According to legend, a young female outlaw nicknamed "Cattle Annie" was arrested while hiding here in the livery stable by the famed Oklahoma lawman Bill Tilghman. After the arrest, she was taken to jail where she used her "female charms" to convince the jailer to release her. Upon release she rejoined her friends, the infamous Doolin Gang, and continued her outlaw ways. The building and the town are filled with tales of western life and legend. They offer a rare opportunity to be a part of history.
Downtown Guthrie is the largest single Historic Preservation District in the country. It features some of the finest examples of commercial Victorian architecture still remaining. This property is within this downtown historic district. The town hosts the Oklahoma International Bluegrass & Country Swing Festival, Christmas Victorian Walk, 89er Day (celebrating the land run), the Apples and Quilts festival, various car shows and is home to several interesting museums.
Guthrie has been used as a filming location for several movies, including "Rainman" and "My Heroes Have Always Been Cowboys". A new movie entitled "Pearl" has just finished shooting. Guthrie was chosen because the downtown architecture fit the 1930's time-frame. Some of the downtown streets were covered with dirt to represent an Oklahoma town during the depression.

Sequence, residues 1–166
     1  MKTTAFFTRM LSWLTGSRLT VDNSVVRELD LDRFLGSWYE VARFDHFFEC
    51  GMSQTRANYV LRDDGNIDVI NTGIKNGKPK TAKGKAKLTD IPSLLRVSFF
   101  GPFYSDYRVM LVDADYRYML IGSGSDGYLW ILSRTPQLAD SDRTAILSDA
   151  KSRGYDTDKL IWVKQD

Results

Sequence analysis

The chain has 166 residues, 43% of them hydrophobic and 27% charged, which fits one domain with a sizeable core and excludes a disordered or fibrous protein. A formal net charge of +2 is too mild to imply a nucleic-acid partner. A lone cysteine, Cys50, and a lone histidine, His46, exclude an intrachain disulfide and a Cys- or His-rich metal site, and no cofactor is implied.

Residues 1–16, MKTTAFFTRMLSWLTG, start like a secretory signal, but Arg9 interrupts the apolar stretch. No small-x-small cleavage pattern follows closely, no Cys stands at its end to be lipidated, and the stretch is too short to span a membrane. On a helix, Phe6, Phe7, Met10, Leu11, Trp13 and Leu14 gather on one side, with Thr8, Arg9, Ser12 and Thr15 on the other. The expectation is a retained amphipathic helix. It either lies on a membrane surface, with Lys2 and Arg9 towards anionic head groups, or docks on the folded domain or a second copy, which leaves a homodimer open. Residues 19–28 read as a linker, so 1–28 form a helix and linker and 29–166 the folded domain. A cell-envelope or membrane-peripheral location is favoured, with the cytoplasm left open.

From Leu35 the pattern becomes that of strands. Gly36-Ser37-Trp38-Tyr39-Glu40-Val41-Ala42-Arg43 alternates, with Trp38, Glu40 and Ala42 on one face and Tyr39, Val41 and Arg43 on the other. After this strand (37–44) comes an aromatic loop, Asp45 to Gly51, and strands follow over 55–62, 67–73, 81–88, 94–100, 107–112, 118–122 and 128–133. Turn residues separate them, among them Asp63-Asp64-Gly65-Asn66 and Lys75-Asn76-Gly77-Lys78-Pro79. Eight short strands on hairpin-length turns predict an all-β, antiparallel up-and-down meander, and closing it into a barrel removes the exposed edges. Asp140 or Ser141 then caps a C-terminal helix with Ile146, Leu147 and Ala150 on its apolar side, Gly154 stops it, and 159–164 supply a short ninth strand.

Restaurants, City Hall, U.S. Post Office, drug stores, doctor’s offices, and shopping are all within 1½ blocks of the home. A grocery store, several churches, Y.M.C.A., library, city park, and the high school football/baseball stadium are all within five blocks. The Pollard Theater, home of live theater productions, is within a block. The Double Stop Fiddle Shop, four blocks away, presents monthly Bluegrass/country shows. A good selection of services and shopping is within walking distance, reducing your commuting expenses and providing a bit of exercise.
Guthrie is an easy 30 minute drive to downtown Oklahoma City’s Bricktown area which features NBA Basketball and concerts at the Ford Center, dining from fine to funky, minor league baseball, Bass Pro Shop, and Toby Keith’s "I Love This Bar & Grill”. It is an approximate 40 minute drive to Oklahoma City’s airport for travelers. If you enjoy taking University courses or have a child entering college, the University of Oklahoma and Oklahoma State University are within 40 minutes. The University of Central Oklahoma is located in Edmond and is about 20 minutes away.
Archived in December, 2012